Who even am I? The complexity of sexuality
If you have never had a thought, feeling or action that made you question what you thought you’d always known about your sexuality, this post probably isn’t for you.
For those of you who occasionally, or (if you’re like most people) always have this realisation and are left wondering what that particular thought/feeling/action means, welcome! I hope to explain to you, in 500 words or less, everything you need to know about your sexuality.
So since approximately 1950, research on human sexuality has proven that sexuality is not as straightforward as boxing people in to ‘gay’ or ‘straight’. The Kinsey Institute developed a scale (craftily known as the Kinsey Scale) which depicts a continuum of sexual possibility between full-blown homosexual and full-blown heterosexual. And the fact is that most people don’t fall on one side or the other. Most people fall somewhere in between homosexual and heterosexual. Have a go now…
If you’ve successfully managed to rate yourself then you’ve passed Level 1.
On to Level 2…A three-dimensional version of this model is now considered the best way to understand our sexuality. It is made up of three components; sexual orientation, sexual identity, and sexual behaviour. If you break them down and consider them individually it seems pretty straightforward; it’s just putting them together that gets a bit more interesting. I’d recommend rating yourself for each of these three dimensions using the scale above.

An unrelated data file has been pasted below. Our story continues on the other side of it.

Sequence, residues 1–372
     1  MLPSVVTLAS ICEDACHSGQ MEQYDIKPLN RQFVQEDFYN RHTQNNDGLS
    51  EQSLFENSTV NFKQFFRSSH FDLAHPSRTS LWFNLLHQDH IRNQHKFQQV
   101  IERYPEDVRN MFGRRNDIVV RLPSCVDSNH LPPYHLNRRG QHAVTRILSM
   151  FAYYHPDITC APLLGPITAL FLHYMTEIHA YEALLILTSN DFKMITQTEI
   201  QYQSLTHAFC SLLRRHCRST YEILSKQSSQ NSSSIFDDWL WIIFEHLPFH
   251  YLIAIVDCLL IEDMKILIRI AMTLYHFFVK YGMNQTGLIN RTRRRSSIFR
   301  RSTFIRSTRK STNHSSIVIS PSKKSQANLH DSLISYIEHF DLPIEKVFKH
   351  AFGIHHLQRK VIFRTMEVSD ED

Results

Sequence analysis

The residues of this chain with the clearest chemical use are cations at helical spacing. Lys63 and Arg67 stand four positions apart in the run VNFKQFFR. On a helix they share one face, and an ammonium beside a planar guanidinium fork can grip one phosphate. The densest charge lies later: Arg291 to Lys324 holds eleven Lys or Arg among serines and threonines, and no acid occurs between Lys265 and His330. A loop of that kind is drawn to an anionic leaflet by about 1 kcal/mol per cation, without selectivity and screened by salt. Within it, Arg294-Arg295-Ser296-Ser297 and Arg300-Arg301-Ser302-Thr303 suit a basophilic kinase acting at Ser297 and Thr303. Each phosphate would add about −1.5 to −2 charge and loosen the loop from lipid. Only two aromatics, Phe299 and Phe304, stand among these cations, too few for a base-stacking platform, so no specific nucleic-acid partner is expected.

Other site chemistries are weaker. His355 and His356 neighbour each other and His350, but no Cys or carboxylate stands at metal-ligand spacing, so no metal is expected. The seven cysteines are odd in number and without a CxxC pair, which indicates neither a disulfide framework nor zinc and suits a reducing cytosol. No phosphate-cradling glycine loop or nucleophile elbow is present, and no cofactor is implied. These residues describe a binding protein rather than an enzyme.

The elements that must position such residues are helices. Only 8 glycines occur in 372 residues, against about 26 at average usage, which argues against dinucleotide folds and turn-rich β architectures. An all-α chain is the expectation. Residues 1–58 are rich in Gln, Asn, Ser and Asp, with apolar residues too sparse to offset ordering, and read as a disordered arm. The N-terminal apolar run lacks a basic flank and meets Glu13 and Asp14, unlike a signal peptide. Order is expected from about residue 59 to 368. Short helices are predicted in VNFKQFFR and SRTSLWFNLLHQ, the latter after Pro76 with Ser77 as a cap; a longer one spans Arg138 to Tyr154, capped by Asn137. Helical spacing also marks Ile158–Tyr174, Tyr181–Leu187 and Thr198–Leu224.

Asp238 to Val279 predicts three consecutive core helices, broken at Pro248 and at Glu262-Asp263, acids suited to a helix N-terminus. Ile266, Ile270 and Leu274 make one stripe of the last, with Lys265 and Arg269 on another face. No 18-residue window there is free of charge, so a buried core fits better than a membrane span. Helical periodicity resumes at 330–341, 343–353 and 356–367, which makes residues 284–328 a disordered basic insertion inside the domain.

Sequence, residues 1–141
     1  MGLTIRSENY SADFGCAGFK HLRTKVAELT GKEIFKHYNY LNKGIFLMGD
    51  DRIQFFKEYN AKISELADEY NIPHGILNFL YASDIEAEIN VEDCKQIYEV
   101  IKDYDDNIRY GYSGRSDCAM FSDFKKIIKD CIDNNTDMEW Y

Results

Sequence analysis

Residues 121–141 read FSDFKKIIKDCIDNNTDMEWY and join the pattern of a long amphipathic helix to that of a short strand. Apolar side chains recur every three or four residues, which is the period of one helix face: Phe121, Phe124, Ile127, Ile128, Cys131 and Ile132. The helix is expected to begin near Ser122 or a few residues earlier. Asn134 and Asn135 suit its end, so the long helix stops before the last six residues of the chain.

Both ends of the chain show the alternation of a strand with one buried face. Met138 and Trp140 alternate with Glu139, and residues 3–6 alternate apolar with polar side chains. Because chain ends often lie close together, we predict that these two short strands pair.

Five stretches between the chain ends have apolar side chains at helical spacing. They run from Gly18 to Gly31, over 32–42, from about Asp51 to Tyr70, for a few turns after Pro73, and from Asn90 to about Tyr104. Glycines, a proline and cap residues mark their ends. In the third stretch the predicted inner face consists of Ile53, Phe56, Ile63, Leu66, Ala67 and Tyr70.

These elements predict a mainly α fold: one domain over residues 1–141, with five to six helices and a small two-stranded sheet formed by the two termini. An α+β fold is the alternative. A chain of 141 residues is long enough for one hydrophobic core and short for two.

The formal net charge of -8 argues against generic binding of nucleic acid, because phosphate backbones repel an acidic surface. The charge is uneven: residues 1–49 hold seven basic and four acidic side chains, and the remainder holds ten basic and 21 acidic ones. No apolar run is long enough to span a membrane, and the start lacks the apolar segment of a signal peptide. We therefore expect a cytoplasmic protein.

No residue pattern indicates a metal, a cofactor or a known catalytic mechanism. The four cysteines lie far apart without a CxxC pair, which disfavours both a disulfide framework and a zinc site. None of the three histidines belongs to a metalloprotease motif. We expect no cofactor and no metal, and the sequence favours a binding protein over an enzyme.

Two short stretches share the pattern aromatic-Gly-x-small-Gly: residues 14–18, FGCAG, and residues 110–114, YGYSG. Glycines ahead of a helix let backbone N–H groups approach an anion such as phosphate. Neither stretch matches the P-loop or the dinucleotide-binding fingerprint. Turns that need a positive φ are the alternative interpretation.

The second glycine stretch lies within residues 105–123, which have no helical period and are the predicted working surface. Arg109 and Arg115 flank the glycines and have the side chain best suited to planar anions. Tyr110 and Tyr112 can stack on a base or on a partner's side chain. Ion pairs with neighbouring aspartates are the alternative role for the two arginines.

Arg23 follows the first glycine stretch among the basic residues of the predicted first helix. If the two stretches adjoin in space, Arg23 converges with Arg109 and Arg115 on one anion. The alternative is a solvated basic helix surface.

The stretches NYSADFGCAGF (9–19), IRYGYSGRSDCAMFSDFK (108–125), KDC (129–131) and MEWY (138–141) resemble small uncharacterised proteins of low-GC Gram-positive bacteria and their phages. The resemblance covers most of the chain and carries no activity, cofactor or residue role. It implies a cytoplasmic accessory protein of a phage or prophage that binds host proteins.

Sexual behaviour is the easiest so let’s start there. This includes any sexual activities that you have PHYSICALLY been involved in. It doesn’t include what you fantasise about or watch on one of the many fantastic porn sites available in the palm of our hands. So this is who you’ve had physical sexual contact with. Are they mostly men, mostly women, or a combination of both? Rate 0-6.
Sexual orientation is more similar to the rating scale. Are you interested in men, women, or both? When I say interested I mean attraction in both the visual and emotional sense. The butterflies in the stomach and the tingling down below. This can include your fantasies, porn habits etc., if you think they make up part of your orientation. Rate 0-6
Sexual identity can be broken down into public identity and personal identity. This is what you tell people about your sexuality, and what you tell yourself. For example, you might personally identify as bisexual because you are attracted to (and have had sexual contact) with members of both sexes, but your public identity may be heterosexual due to cultural, social or other reasons. Rate 0-6 on both if they are different.
So what comes out of this is a better understanding of you and your sexuality. If you notice that your ratings vary greatly, it’s worth having a think about why this might be. Are your orientation and personal identity similar to each other but different to your behaviours and public identity? If so, this suggests that there may be external factors impacting your personal sexuality and identity. This is not necessarily a problem and is quite normal given the remaining stigma toward bisexuality and homosexuality (we are getting there Australia). If, however, this disparity is causing you concern or stress, make an appointment to discuss it further with a specialist who can offer support in bridging the gaps, or at least understanding how you can make them work for you.